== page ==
Friday, June 8, 2012

Foodie Faves: Extra Virgin Olive Oil



What do you bring home from a trip? Snow globes? Christmas ornaments? Refrigerator magnets? I bring sand and olive oil.

Not together, mind you. The sand is from all those places that have beaches or lakes or rivers, and while it looks pretty in the jars in my kitchen, it’s not terribly useful. The olive oil, on the other hand, gives me an enduring pleasure as long as it lasts, and then it’s gone. Which makes olive oil from my travels a particularly happy collectible because there’s no long-term storage problem. I don’t have to keep dusting the jars or finding more shelf space, like I do with the sand.



Every good olive oil has a redolence of its own – lemony, earthy, grassy, ... the possibilities cover almost as much territory as wine. Always buy extra virgin, the first cold pressed. The extra virgin is less acidic and is considered the best tasting; cold pressing is a method of extracting the oil that doesn’t involve heating it, which removes flavor. And while you don’t have to spend a lot of money, the more time and trouble a grower takes in the processing, the more it will cost. So splurge a little. (I must warn you though, that “Splurge a little” has been a theme of mine in life.)

Cold-pressed oil has the most flavor, but it also spoils the fastest. To inhibit spoilage – and trust me, your nose will know when it’s rancid – you want to keep the oil in a cool, dark place, and not in clear glass. Try to use it within six months, but if it’s older than that and doesn’t smell off, it’ll still be fine. They say smell of rancid oil is a lot like that of cardboard boxes. I say it's just bad.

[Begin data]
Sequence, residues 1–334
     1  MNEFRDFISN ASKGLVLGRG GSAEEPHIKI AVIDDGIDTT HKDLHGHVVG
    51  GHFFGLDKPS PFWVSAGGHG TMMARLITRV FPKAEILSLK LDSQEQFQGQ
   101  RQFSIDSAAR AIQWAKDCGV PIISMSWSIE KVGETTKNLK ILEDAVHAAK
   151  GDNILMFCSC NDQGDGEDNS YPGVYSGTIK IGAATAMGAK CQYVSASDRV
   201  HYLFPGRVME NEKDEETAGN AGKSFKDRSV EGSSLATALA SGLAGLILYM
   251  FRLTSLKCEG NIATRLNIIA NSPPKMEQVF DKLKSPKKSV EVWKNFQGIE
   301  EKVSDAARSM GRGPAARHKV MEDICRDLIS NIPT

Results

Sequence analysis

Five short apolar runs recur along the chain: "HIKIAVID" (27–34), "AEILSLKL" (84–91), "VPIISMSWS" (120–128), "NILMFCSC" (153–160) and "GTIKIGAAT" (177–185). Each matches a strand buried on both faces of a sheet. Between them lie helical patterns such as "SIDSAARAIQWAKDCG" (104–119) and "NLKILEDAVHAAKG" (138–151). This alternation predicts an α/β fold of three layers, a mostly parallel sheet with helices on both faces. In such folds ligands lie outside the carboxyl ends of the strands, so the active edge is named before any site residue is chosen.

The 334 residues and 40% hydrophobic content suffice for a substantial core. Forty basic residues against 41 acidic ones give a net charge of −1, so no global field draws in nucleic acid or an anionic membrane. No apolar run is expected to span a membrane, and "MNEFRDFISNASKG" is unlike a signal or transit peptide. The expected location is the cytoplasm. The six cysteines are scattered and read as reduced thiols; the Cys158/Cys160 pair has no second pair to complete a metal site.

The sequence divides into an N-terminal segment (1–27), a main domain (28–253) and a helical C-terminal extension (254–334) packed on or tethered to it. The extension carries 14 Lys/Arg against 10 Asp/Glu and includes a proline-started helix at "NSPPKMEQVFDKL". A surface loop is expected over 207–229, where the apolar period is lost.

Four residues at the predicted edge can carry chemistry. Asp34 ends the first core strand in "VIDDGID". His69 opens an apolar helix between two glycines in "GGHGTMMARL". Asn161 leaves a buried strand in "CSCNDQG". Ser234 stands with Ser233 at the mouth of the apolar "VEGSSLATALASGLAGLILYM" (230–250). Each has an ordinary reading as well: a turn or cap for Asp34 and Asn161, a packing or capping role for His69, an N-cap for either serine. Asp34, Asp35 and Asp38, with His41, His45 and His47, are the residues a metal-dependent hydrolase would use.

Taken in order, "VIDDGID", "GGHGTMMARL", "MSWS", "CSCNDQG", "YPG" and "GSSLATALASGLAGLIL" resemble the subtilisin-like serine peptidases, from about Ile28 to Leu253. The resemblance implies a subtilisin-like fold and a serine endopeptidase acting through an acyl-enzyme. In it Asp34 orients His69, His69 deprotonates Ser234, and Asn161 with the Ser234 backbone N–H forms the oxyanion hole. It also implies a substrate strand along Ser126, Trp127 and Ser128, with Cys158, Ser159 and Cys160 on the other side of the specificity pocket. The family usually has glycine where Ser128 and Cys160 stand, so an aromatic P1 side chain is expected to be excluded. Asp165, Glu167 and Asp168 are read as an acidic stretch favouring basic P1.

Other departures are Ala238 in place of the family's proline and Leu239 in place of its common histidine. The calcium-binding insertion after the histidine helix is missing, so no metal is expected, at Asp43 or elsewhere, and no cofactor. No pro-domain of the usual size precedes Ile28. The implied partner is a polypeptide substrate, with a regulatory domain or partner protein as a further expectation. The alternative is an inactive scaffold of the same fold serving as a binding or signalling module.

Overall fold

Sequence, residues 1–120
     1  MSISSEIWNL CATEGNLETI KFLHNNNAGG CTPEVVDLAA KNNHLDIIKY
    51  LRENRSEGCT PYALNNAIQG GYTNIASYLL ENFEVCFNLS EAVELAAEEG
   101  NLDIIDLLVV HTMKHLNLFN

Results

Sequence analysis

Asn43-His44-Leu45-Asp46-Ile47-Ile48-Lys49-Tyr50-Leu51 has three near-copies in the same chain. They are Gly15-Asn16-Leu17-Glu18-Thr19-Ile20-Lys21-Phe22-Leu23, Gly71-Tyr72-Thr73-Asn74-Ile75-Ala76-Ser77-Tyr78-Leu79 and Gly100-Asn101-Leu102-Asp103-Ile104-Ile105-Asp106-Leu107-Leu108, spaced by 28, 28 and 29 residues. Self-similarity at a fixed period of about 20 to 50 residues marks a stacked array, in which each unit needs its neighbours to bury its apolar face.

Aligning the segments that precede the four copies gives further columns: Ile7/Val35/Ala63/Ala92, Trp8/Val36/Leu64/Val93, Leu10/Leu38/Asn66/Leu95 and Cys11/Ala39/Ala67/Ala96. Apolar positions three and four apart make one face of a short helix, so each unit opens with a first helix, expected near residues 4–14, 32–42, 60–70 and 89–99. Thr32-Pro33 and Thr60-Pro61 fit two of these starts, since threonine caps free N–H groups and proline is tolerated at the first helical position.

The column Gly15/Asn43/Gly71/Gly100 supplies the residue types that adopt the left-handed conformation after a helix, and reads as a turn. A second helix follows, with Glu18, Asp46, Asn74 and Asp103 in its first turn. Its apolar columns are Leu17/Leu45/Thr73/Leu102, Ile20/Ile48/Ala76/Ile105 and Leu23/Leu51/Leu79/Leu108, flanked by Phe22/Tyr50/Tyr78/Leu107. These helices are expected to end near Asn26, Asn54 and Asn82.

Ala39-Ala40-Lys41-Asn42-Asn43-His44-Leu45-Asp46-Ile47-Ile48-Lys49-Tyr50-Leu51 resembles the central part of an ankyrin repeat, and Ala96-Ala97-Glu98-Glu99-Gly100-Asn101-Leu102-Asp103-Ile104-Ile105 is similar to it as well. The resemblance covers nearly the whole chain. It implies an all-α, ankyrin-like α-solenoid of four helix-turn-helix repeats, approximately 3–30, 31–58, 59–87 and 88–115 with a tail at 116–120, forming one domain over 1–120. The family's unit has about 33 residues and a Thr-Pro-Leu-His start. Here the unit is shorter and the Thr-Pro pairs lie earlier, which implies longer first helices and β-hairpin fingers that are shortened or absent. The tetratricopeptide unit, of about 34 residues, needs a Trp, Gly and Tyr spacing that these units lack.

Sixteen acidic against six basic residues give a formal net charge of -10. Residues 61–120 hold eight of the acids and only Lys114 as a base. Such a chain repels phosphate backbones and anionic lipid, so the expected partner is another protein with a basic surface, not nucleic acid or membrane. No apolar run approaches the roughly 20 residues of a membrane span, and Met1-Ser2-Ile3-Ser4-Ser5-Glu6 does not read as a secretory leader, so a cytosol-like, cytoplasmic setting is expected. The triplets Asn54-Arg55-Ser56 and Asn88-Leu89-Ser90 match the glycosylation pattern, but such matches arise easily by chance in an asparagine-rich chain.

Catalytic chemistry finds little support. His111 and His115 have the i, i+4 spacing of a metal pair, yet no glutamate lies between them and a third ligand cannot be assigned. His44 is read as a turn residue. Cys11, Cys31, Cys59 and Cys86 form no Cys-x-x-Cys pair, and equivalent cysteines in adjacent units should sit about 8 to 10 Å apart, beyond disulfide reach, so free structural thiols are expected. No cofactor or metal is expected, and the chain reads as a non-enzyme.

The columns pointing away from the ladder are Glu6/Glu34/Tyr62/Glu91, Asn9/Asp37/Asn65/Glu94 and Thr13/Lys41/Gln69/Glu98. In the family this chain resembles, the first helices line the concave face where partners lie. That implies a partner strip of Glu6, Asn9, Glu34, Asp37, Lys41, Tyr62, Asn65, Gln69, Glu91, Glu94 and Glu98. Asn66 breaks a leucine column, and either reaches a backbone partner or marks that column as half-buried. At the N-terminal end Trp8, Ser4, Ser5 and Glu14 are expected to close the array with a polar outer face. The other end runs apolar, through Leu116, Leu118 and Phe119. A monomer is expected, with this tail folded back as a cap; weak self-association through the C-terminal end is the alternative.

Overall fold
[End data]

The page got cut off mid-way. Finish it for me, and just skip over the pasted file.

So the photo above contains my current supply. The one on the left is Queen Creek Olive Oil, from a company we visited in Scottsdale in January. The middle one is from Olea Estates, a Greek company, that I bought in May at the farmers’ market in St. Louis. And the last is from the Franschhoek Olive Oil Company in the wine region of South Africa, which we visited in February. So when I drizzle some over some sliced Jersey tomatoes this summer, I can close my eyes and pretend I’m back in one of those places. Sort of like experiencing my travels all over again.

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